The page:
Migration as Translation: Moving Figurski to the Web

Critical Writing
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Abstract (in English): 

"Traduttore e traditore." [The translator betrays.]

Migrating an early hypertext novel originally created with proprietary software programmed in C and published on a removeable disk, to HTML5, CSS3, and JavaScript for the World Wide Web, as we have done for Richard Holeton’s Figurski at Findhorn on Acid, is an act of translation—one involving not only the translation of its code, but also of its interface design and its functionality. As such, translation impacts our experience with the work, ultimately betraying it as some aspects of it becomes lost in the effort to make it found by a new audience. In a digital translation aimed at restoring access to a work that has become technologically obsolete, the gain is so much greater than the loss. In the case of Figurski, especially, it means that we can now again read one of the most unique and quirky interactive novels of the early 21st Century.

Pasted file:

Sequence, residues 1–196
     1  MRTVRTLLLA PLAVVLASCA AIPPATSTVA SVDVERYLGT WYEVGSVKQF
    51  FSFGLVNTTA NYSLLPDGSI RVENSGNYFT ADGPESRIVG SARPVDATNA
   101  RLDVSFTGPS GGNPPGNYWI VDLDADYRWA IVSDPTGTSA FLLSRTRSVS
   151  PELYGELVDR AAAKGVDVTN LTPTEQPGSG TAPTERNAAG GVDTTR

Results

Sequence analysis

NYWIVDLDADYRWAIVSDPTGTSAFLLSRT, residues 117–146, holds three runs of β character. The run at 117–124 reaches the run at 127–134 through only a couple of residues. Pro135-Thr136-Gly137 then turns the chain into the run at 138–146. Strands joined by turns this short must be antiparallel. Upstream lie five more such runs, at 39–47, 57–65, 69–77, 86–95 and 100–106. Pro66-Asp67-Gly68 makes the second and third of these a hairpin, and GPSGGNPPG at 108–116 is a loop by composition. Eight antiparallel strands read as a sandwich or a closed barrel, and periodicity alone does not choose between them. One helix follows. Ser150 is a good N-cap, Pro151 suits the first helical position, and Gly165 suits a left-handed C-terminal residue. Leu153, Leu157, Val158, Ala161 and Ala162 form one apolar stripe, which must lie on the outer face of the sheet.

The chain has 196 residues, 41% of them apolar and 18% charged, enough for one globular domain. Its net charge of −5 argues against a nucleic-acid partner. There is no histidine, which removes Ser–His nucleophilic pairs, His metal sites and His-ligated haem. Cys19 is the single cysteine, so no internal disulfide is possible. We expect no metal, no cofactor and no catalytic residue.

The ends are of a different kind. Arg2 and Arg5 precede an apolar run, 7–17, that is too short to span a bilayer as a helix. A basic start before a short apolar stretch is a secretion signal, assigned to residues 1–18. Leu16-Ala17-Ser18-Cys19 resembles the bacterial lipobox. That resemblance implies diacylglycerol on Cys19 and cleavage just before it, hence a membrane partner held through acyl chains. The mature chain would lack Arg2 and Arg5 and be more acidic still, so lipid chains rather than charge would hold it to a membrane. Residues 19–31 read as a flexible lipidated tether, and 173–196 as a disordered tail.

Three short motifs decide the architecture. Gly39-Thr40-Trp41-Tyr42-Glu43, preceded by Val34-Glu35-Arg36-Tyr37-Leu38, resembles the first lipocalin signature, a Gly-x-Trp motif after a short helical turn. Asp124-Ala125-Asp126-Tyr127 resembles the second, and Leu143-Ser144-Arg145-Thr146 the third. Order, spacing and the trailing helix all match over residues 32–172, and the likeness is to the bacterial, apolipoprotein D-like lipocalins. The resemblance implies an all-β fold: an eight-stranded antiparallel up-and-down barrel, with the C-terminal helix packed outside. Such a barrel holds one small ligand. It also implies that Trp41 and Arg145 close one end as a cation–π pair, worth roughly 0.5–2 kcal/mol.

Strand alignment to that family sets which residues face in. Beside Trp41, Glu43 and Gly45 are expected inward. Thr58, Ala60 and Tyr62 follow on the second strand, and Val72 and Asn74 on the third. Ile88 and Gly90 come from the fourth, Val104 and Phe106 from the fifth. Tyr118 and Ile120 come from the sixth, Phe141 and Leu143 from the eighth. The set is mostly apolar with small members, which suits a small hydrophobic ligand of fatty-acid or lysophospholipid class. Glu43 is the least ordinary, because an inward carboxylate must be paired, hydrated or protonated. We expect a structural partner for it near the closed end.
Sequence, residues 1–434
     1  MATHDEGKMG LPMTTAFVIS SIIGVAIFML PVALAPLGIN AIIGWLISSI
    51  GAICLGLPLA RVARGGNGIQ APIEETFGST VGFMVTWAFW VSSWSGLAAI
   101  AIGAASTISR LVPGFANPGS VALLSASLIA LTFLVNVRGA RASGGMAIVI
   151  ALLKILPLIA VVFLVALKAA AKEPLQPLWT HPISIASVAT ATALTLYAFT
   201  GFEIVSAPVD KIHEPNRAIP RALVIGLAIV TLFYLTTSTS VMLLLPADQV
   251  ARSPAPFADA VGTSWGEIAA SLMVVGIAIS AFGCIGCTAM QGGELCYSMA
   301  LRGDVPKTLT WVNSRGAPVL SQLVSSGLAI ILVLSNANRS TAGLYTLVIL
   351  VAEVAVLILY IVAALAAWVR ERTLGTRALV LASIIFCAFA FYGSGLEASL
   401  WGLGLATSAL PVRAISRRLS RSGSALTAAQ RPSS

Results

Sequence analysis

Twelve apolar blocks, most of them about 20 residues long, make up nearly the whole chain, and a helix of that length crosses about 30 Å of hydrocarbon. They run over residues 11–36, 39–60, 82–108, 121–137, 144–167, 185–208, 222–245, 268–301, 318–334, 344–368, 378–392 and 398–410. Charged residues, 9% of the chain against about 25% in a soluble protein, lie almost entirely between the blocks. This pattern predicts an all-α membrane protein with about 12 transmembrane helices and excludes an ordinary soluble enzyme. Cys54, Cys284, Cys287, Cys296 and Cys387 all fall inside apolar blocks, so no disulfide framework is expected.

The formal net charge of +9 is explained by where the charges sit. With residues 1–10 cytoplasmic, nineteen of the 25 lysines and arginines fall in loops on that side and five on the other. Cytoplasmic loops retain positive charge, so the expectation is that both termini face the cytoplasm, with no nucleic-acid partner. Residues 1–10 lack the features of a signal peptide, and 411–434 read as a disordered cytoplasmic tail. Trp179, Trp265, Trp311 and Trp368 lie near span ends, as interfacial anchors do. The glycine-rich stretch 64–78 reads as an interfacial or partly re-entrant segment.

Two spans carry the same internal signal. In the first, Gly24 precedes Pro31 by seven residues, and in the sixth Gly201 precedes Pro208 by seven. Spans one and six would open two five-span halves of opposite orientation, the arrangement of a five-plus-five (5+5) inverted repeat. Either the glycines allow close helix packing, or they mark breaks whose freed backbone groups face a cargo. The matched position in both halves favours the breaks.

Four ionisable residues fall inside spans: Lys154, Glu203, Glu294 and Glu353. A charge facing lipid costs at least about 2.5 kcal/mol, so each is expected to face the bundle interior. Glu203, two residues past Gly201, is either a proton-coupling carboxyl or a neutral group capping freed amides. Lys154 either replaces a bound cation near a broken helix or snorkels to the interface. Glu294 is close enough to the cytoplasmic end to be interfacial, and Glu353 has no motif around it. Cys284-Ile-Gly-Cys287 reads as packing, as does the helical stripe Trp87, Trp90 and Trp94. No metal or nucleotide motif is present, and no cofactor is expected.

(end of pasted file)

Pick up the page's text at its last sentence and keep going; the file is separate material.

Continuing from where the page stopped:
Pull Quotes: 

Translating Figurski into a new format two decades after its initial release required many decisions for changes to the original. These fall into four areas: Visual, Navigational, Functional, and Textual.

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Dene Grigar